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      • Yes. We’re in the grip of endless strikes in France, one thing after an other or all at once, depending on the day of the week. It started off with raising the tax on diesel because it’s filthy. All these measures are necessary, but nobody wants to pay more for anything. As long as the great mass of people have difficulty even paying for the basics, none of these measures will be accepted. Yet there is absolutely nothing being done to make the extremely rich even pay their taxes, never mind curbing the amount they’re allowed to cream off the system. Come the revolution. Might not be as far off as we think. They’re singing the Marseillaise in the streets here and you know where that leads…

        Liked by 1 person

      • Same here – the top 10% are living beyond the dreams of small nations, criminal in my eyes.

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      • The gulf in remuneration it so huge. It seems that the less you work in the easiest conditions, the more you earn. Stick your money in a dodgy arms contract and you don’t have to work at all.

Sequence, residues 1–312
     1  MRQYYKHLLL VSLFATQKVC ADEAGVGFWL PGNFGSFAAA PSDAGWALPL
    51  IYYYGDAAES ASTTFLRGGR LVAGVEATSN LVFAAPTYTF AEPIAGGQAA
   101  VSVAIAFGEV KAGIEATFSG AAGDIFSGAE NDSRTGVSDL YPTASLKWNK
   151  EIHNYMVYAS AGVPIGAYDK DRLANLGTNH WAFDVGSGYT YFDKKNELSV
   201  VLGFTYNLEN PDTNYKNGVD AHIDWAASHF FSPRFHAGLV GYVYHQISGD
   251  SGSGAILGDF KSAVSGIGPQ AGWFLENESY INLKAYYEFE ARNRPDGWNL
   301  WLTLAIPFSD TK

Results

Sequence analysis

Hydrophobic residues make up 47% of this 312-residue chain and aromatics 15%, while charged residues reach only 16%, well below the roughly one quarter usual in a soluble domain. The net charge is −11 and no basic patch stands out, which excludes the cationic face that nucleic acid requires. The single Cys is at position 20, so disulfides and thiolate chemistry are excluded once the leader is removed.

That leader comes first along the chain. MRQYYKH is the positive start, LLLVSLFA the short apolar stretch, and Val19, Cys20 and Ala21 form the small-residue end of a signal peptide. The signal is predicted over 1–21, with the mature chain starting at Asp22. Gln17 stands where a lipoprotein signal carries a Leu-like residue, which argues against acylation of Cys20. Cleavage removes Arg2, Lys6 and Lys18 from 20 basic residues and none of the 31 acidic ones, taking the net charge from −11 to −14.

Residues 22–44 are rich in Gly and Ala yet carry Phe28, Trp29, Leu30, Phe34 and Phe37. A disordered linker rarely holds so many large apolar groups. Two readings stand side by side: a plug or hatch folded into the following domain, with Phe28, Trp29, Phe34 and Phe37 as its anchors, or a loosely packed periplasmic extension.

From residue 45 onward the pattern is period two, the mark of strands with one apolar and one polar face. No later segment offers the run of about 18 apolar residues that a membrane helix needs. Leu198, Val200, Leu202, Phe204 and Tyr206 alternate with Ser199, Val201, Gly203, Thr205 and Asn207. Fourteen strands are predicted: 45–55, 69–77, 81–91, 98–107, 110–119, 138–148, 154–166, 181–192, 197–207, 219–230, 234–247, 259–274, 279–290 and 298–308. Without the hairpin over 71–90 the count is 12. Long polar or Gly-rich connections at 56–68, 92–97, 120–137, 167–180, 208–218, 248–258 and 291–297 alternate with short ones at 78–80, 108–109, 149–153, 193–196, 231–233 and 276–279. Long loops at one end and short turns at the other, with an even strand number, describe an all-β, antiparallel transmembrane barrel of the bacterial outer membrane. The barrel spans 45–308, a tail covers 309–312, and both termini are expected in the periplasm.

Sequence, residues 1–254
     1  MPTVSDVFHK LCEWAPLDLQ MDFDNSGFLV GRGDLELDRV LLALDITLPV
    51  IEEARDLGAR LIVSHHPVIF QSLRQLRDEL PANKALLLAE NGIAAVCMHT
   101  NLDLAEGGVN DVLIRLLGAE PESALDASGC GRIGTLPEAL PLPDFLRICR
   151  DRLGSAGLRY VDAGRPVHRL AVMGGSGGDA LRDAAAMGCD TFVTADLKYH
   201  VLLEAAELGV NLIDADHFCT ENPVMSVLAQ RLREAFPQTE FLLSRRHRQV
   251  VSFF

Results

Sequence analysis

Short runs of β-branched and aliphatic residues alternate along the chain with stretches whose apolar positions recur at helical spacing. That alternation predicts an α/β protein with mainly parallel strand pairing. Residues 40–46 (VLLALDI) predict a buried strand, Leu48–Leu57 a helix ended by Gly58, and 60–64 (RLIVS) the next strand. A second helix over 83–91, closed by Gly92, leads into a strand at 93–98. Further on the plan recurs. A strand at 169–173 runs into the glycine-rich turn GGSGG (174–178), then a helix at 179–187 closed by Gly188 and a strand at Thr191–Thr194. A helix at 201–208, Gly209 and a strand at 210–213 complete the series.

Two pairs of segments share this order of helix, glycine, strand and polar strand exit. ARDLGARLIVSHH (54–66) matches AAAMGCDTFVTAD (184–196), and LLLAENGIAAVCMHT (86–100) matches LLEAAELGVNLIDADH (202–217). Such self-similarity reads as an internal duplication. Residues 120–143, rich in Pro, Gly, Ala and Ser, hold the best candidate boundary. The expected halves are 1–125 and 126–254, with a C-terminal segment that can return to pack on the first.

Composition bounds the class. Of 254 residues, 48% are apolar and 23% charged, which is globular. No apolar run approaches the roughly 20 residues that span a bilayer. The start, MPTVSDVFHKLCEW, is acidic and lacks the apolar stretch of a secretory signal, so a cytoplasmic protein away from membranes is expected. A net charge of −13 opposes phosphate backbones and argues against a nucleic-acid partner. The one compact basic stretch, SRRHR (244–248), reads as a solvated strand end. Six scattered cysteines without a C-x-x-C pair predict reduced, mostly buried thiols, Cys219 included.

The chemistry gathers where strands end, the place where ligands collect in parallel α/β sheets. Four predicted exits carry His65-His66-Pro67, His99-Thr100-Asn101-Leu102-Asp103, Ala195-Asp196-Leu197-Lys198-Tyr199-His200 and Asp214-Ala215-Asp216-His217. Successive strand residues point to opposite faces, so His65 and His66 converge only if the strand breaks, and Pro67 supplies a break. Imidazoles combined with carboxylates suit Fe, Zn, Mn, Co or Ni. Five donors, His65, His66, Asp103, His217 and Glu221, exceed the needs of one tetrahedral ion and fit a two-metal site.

Liked by 1 person

      • Yes, and a smug arrogance comes with it. I’ve noticed a deterioration in compassion and they presume to dictate. The apparatchiks rise from amongst and crush the life out of us.

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      • I’ve stopped believing in the inherent ‘goodness’ of people. I think there’s more like an inherent ‘egoism’ and an ability to judge what is reasonable. If people won’t accept that they don’t need a private island, four homes, six cars a plane and a couple of yachts, then there’s no point expecting that they’ll give them up willingly.

        Liked by 1 person

      • I so agree Jane, there is an inherent egoism, which after Freud and Jung and Klein informs us of a primitive mind, yes, the greed makes me vomit.